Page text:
How on earth did people enjoy space missions before Twitter? In the past we might have had to wait a long time for such gems from astronaut Scott Kelly, who is currently spending a year on the International Space Station, but no more. As the Houston Chronicle notes, Kelly spent Saturday watching the Houston Texans play and later sent out this photo of a West Texas oil field:
— Scott Kelly (@StationCDRKelly) August 23, 2015
Check out Kjell Lindgren, who is probably the funniest astronaut to ever tweet, for more Texans in space.
Bush, Whacked — The Rio Grande Valley seems to be as much of a required destination for presidential candidates as the Iowa State Fair, but it’s certainly no easy stroll. Jeb Bush made a stop in McAllen on Monday, taking swipes at Donald Trump’s recent visit and offering a more inclusive vision of a Republican immigration plan. But the effort backfired a little bit. “Speaking with reporters inside a Mexican restaurant, Bush grew visibly irritated when pressed about the term ‘anchor babies,'” the Texas Tribune reports. “He clarified — in English and Spanish — that his original use of the phrase had more to do with ‘organized efforts taking advantage’ of birthright citizenship, not necessarily by Latinos seeking to live in the United States.” Then he took an, um, interesting angle. “‘Frankly, it’s more related to Asian people coming into our country,’ Bush said, instantly setting off another round of Democratic outrage.”As the story notes, Bush became more than a little miffed at all the focus on the term, rather than the differences between his immigration program versus Trump’s. It hasn’t been smooth sailing for presidential candidates who are 1oo percent Texan, either. Rick Perry’s staff is apparently getting paid again after his campaign stopped providing funds for staff in Iowa, New Hampshire, South Carolina, and Texas. But it’s clear not everyone is happy with the struggling campaign. On Monday, Perry’s Iowa state chairman resigned, and for honest reasons. “He was leaving because the campaign was in transition and future compensation was uncertain,” writes the Associated Press. “He also insisted, though, that it was about more than the money.”
Never Retreat (But Somewhat Surrender) — If you thought the fight between the Daughters of the Republic of Texas and, like, everyone else was over, think again. The former Alamo caretakers “obtained a court order temporarily stopping a Texas state agency headed by George P. Bush from keeping the group away from a collection of artifacts and books at the historic site,” according to the AP. As with past fights, this one laid on the drama when, according to the San Antonio Express-News, “employees of a research library at the middle of a legal dispute [arriving] at work to find that the locks had been changed at the historic mission and battle site.” The fight continues a long tradition of almost comical battles of control for the Alamo’s stewardship, though this is something of a new chapter. “The exchange is the first public blowup in the group’s litigation with the Land Office over ownership of more than 38,000 items at the Alamo Research Center, formerly known as the DRT Library. The DRT sued the agency in March, accusing it of ‘illegally’ claiming ownership of most of the books, maps and other items in the collection.”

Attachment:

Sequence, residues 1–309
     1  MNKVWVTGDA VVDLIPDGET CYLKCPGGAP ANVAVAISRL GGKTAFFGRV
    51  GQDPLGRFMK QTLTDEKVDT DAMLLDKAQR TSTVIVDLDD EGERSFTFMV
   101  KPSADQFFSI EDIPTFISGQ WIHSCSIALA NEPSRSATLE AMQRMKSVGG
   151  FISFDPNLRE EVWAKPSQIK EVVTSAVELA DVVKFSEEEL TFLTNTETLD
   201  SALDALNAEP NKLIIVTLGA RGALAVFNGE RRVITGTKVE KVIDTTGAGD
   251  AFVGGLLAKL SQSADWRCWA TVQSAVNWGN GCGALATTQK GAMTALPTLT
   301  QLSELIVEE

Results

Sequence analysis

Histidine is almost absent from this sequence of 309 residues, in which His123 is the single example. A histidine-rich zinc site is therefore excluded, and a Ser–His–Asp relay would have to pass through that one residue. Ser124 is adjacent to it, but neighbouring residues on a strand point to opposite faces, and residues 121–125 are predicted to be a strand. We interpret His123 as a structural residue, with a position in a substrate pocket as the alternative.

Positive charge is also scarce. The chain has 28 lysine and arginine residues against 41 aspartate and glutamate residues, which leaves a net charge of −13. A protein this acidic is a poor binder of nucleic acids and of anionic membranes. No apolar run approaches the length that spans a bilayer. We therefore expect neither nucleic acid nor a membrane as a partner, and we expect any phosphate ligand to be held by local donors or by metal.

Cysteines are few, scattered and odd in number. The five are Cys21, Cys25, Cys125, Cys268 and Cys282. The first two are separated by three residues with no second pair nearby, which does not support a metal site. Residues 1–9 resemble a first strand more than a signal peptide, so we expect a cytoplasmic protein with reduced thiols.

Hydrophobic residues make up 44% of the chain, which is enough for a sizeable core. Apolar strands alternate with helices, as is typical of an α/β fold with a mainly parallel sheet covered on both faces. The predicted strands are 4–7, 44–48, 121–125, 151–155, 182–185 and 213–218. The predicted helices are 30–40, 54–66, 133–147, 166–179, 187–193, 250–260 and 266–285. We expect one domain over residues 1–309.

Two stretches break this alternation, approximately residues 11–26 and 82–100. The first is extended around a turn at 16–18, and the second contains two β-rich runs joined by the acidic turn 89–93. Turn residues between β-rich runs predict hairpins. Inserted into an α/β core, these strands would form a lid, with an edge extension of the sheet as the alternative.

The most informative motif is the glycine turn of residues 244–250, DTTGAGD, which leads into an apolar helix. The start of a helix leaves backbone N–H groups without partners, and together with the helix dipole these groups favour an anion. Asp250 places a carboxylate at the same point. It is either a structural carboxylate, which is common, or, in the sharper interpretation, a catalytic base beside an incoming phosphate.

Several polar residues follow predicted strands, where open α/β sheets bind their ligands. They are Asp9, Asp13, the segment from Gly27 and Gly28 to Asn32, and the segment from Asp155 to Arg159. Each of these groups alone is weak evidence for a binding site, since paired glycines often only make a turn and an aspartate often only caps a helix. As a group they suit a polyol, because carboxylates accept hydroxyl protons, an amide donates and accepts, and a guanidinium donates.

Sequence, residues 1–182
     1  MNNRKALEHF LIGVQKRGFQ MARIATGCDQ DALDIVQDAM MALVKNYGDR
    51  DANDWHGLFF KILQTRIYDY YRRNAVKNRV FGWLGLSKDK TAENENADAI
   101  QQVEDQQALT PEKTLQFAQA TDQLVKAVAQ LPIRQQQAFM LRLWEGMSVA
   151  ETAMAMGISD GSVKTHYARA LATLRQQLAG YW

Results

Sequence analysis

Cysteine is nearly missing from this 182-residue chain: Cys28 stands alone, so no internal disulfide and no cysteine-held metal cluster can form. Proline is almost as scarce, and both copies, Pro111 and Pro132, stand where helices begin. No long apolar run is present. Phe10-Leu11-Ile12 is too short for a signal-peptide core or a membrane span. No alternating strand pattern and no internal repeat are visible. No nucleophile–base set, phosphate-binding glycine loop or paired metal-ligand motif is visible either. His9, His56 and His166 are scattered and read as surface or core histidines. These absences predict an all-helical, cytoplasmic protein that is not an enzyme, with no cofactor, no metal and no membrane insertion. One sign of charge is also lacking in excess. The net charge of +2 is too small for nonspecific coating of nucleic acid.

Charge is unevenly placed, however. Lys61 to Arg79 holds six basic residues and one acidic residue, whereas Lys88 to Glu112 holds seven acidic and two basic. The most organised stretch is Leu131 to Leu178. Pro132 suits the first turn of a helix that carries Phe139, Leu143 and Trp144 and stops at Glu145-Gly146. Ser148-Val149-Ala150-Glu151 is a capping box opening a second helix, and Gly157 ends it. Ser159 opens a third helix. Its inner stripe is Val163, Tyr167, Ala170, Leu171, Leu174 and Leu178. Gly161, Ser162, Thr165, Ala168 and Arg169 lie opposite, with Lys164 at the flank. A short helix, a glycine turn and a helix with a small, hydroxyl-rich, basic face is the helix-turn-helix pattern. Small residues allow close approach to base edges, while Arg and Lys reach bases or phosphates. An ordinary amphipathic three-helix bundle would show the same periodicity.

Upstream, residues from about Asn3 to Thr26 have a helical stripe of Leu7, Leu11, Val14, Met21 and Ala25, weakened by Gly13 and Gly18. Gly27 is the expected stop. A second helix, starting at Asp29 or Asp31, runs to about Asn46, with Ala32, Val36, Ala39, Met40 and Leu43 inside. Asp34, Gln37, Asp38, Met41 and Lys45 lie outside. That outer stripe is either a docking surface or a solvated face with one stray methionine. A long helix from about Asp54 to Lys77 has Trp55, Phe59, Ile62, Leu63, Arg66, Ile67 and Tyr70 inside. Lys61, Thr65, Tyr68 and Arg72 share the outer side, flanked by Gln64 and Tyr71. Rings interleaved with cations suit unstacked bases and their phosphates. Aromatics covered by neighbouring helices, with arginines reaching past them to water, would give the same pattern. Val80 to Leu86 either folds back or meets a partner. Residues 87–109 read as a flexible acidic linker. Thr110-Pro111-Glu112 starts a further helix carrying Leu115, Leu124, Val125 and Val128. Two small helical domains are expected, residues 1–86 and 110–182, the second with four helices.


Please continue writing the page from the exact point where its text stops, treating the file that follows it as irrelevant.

Austin v. Texas — The capital has always been its own little Republic within the Republic, but now it’s really drawing a line in the sand. The city of Austin has filed a lawsuit claiming Texas’s “property appraisal system is unconstitutional because it has allowed properties to be assigned ‘arbitrary and unreasonable’ values that are below their market values,” reports the Austin American-Statesman. Essentially, the city believes that commercial and vacant lots don’t accurately reflect market prices, which could mean trouble for homeowners. “The bulk of the lawsuit attacks oft-criticized features of the appraisal system that state legislators have proposed fixes for with little success. The lawsuit asks the court to declare that mandatory sales price disclosure in Texas is needed for appraisal districts to consistently appraise properties at the market value. Texas is one of a handful of states that doesn’t require the release of property sales prices.” There are now a few options, “from the Travis appraisal district and the city reaching an agreement to bringing the case to the Texas Supreme Court to asking the Texas Legislature to change state law.”
Big Bucks, Big Kids — Turns out, you can’t throw money at overweight kids and hope they get healthier. A new study found that a $37 million physical education grant for high-poverty schools “did little to reduce childhood obesity,” writes the Houston Chronicle. Apparently, students were a bit stronger — they could “do more push-ups and burst out a faster shuttle run” — but schools failed to follow the now-common knowledge that diet is just as important. “While the program, Texas Fitness Now, required schools to spend a quarter of their funding on nutrition, few schools actually did so – only 7 percent of grant funds were spent on nutrition in 2009 and 2010.” Clearly, needy kids were able to get some much-needed structured fitness (and they got much-need fitness equipment!), but overall, the program seems to have some inconsistent results. “When it launched, state officials touted the effort as a way not only to keep students healthy, but also to improve their academic performance. The study found that test scores in math and reading did not improve, but seventh- and eighth-graders who spent two to three years in participating schools did a little better on tests.” As one might expect, the grant did have some obvious, direct results.”[G]irls could do more curl-ups, complete a higher trunk lift and do a better sit and reach.”